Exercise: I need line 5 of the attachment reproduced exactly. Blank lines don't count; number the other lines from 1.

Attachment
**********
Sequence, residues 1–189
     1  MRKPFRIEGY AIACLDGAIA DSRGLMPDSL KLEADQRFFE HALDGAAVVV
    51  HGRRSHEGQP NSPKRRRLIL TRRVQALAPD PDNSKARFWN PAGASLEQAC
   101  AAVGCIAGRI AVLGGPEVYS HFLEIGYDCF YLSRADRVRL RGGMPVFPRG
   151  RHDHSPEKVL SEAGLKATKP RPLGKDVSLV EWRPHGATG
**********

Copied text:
   151  RHDHSPEKVL SEAGLKATKP RPLGKDVSLV EWRPHGATG